‘3. Other Insurance. The insurance for Bodily Injury Liability and for Property Damage Liability shall be excess insurance over any other colectible insurance available to the insured, either as an insured under a policy applicable with respect to the automobile or otherwise, against a loss covered hereunder. The insurance for Medical Expense shall be excess insurance over any other collectible medical expense insurance applicable with respest to the automobile. The insurance is in lieu of the insurance afforded by the policy with respect to a ‘non-owned automobile’.'
Under the undisputed facts and the plain wording of the ‘use of other automobile’ clause of its policy, Mid-Century's coverage is applicable to claims arising from the May 28, 1966 accident in which its insured, Leakes, was driving Cousins' car. Mid-Century's liability under the policy is primary, becoming excess insurance only if other collectible insurance was available to its insured with respect to the automobile he was driving, or otherwise. There was no other collectible insurance available to its insured. The gravamen of Mid-Century's co-plaintiffs' complaint against Hutsel is that he negligently failed to provide such insurance. Whatever the nature of Hutsel's liability to Cousins, and his permissive driver Leakes, it may not be equated with the words, ‘other collectible insurance available to the insured,’ contained in Mid-Century's policy. ‘The liability of one who breaches a contract to procure insurance is to pay damages, and is not that of an insurer.’ (Bentley v. Fayas, 260 Wis. 177, 186; 50 N.W.2d 404, 409.)
Holding Mid-Century primarily liable for the claims arising from the accident, to the extent of its policy limits, results in no injustice to it or to Cousins or Leakes. While Mid-Century's liability would have been excess, rather than primary, had Hutsel fulfilled his obligation to procure insurance for Cousins, that obligation does not run to Mid-Century to whom Hutsel owed no duty, contractual or otherwise. Mid-Century's legal liability springs from the terms of its own insurance contract, for which it was paid a premium, and from the fact its insured was the driver involved in the accident. If the claims arising from the accident result in reasonable settlements and judgments totaling less than Mid-Century's insurance coverage, neither Cousins nor Leakes has sustained damage by reason of Hutsel's breach. To that extent, the claims must be paid by Mid-Century, and Cousins' and Leakes' damage is Damnun absque injuria. ‘Where plaintiff has suffered no loss by failure of defendant to procure insurance, plaintiff's damage is Damnun absque injuria.’ (44 C.J.S. Insurance s 225, p. 940.)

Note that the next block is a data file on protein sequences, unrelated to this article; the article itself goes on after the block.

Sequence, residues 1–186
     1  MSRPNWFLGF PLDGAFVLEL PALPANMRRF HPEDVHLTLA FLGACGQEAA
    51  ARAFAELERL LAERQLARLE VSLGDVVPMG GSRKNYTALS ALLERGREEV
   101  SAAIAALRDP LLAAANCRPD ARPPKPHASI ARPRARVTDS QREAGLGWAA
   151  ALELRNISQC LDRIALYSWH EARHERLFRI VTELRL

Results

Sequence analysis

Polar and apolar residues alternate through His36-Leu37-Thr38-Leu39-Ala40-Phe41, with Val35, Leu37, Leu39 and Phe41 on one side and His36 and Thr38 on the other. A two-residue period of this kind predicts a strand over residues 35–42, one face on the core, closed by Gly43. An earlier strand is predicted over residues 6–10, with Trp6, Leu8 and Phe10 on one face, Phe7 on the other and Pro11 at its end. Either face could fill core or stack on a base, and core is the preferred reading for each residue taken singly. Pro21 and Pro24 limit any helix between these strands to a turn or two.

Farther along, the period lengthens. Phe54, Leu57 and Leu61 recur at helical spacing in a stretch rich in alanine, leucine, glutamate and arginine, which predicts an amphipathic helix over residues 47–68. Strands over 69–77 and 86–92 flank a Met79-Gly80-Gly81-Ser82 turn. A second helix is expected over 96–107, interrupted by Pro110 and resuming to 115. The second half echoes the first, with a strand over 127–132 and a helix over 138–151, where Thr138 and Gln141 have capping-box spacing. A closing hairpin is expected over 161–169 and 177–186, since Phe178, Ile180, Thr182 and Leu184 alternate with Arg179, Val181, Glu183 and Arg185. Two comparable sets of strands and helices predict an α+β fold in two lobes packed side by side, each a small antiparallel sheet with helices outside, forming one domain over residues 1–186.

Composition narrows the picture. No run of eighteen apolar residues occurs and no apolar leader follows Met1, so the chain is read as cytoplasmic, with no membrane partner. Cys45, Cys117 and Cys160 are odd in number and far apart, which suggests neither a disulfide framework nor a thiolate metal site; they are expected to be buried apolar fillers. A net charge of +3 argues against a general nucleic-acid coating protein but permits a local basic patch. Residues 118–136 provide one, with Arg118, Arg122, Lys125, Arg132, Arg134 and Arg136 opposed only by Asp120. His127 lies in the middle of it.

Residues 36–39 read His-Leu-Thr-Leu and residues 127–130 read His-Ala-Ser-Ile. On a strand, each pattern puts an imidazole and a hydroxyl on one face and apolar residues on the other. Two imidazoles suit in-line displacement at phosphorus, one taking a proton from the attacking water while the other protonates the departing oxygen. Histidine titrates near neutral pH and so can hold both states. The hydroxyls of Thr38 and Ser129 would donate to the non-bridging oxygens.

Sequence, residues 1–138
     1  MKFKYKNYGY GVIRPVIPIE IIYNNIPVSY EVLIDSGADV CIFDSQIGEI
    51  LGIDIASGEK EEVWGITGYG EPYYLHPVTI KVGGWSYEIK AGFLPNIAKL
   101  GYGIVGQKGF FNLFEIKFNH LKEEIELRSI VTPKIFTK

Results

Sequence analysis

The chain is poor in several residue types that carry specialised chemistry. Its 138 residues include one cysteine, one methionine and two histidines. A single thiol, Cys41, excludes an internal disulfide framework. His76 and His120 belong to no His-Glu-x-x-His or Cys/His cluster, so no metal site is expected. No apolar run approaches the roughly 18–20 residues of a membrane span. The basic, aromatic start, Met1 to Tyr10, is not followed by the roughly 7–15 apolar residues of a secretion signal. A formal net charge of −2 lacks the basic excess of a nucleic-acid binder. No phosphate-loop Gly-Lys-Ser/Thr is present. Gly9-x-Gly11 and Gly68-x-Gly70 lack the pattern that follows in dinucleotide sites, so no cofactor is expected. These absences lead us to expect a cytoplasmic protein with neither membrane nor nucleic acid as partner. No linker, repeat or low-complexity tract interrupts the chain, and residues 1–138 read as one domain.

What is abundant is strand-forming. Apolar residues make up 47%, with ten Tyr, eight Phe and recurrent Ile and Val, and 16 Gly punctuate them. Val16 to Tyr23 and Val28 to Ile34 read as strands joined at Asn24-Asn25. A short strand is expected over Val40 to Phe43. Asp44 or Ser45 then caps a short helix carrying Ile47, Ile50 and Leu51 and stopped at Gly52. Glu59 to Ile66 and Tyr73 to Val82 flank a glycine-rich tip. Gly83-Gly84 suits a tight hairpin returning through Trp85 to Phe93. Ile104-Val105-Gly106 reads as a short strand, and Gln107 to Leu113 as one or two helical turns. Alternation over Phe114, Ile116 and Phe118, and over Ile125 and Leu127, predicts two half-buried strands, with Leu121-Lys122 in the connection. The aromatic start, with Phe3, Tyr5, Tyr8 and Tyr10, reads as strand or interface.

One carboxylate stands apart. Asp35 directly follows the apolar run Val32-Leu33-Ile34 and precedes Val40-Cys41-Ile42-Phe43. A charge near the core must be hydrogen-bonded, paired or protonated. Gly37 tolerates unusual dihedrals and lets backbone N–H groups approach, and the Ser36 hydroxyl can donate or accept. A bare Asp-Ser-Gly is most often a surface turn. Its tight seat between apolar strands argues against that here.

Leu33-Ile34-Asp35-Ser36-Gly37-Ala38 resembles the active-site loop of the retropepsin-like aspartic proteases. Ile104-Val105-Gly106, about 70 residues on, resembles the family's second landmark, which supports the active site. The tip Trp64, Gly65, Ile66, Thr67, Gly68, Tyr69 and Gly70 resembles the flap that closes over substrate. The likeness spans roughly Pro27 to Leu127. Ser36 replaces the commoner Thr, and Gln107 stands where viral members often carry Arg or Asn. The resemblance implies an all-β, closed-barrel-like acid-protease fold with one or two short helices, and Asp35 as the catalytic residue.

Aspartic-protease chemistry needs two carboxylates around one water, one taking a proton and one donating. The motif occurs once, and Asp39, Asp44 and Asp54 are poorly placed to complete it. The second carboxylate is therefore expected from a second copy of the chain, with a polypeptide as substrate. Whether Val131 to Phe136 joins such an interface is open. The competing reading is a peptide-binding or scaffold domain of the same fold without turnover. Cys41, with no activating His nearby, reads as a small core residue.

Mid-Century's liability is defined by the limits of its insurance policy. If the claims arising from the accident cannot be satisfied within its limits, Cousins and Leakes will be damaged because of Hutsel's breach. To the extent such excess claims may be satisfied within the range of the $10,000/$20,000 bodily injury and the $5,000 property damage insurance coverage Hutsel undertook, but failed to procure, Hutsel concedes his liability. The judgment should require him to pay any such claims or to indemnify Cousins and Leakes if they, or either of them, are required to pay them.
Mid-Century's contention it is entitled to reimbursement from Hutsel for the loss it may sustain under the doctrine of equitable subrogation is without merit. Any loss Mid-Century may sustain will not be caused by Hutsel's failure to procure insurance coverage for Cousins. Its loss, if any, results from the fact Leakes, its insured, negligently caused an automobile accident. Hutsel's failure to procure insurance had nothing to do with the accident. As stated in Patent Scaffolding Co. v. William Simpson Constr. Co., 256 Cal.App.2d 506, 512, 64 Cal.Rptr. 187, 192, where a similar contention was made under almost identical facts:
‘The California cases, with one exception, have not permitted equitable subrogation to insurers whose losses are not causally related to a breach of duty for which the party to be charged may be liable to the insured for a loss compensated by the insurers.’
Our review of the Patent Scaffolding Co. case, and the cases upon which it relies, convinces us we should not deviate from the stated rule in this case. In equity, it cannot be said Mid-Century should recover from Hutsel for sums it may be required to pay because of the negligence of its own insured.
Our holding will require a complete turnabout of the judgment, including the portion of it providing for payment of costs and expenses in connection with the litigation and investigations in Connecticut.
The judgment is reversed with directions to the trial court to prepare new findings of fact, conclusions of law and judgment conforming to the views expressed in this opinion.
AULT, Associate Justice.
COUGHLIN and WHELAN, JJ., concur.